I think it's a lot of little things of doing that. And we're very hope about that on the player council, and I think having experienced players, I think all of us are a little older as well so we, I think, get that protective mindset of seeing all the young girls come up and wanting to make sure they are protected in the best way.

We're always trying to do that, always try to put a focus on it, and hopefully get more and more, I don't know what the word, processes in place for things that, I don't know, make us question what's going on.

Q. You went back on the roof delay, tighter-strung racquet from what to what?

JESSICA PEGULA: I got one strung looser, one strung tighter, but I'm weird because the tighter ones tend to feel looser to me. It doesn't make any sense. My coach is, like, I don't understand why, that's not how it works.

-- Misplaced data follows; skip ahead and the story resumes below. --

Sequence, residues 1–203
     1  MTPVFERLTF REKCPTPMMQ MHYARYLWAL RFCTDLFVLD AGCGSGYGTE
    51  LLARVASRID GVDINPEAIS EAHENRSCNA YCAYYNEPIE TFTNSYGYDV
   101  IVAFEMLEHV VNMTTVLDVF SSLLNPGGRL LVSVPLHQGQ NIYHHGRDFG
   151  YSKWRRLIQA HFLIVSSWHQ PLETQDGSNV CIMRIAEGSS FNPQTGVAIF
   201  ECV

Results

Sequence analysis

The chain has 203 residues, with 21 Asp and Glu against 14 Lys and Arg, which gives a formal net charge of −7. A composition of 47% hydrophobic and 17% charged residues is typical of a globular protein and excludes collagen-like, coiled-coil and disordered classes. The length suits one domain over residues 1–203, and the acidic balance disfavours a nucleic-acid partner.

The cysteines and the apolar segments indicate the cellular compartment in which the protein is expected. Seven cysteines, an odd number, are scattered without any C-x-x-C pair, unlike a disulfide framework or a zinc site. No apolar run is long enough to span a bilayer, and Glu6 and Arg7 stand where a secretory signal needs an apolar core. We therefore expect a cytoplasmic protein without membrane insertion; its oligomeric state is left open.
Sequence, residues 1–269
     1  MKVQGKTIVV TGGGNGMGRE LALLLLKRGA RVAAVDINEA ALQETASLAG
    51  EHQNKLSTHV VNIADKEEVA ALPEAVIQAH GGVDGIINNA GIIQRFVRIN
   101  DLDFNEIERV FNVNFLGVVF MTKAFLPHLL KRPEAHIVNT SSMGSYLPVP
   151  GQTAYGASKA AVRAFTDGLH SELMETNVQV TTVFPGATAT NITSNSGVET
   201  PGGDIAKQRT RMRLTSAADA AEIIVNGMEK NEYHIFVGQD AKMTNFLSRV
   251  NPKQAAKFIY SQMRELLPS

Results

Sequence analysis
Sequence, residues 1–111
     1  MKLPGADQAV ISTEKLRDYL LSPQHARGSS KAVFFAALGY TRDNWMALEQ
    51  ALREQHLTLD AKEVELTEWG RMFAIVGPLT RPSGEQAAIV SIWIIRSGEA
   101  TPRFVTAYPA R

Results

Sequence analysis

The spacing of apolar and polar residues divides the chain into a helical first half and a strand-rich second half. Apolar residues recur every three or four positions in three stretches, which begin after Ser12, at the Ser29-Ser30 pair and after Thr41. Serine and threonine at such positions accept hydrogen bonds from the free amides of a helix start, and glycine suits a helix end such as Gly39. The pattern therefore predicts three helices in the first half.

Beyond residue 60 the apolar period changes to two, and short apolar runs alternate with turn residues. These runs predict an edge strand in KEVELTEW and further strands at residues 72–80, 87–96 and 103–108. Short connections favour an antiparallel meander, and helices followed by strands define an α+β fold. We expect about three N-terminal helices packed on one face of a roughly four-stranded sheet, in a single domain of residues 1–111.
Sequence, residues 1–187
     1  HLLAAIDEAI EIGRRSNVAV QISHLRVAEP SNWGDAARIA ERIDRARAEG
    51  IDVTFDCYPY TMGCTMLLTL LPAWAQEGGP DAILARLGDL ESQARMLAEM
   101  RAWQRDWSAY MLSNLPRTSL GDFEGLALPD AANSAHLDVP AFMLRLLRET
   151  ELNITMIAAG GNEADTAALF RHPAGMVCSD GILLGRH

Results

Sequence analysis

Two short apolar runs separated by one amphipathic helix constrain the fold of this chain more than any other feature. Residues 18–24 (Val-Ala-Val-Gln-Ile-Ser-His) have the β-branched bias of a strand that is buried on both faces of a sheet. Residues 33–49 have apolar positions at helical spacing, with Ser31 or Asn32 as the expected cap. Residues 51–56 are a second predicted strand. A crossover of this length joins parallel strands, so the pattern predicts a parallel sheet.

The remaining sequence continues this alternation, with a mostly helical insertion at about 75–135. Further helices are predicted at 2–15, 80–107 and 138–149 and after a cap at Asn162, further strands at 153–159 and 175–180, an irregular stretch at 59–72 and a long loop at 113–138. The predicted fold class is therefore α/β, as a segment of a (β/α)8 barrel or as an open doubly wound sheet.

But for some reason in my brain, that's how I think. I actually ended up using a racquet from last night that got strung.

Q. Strung at?

JESSICA PEGULA: The tension, I'm sure, dropped. It was strung at 51.

Q. Early in the second set she began to assert herself. How did you manage that situation?

JESSICA PEGULA: Yeah, I was just, Okay, don't get frustrated, she hit a couple good shots. Stick to your patterns.

I think for me, my placement on my serve was very important. She can really hit it so early so out in front and hit her spots so well. That makes it really hard to defend. Even if you get back the first ball of a return you're probably going to lose the point.

I was just trying to focus on hitting my spots on my serve. I knew what those were. I just had to focus on that and not get frustrated if she was going to hit a winner or something.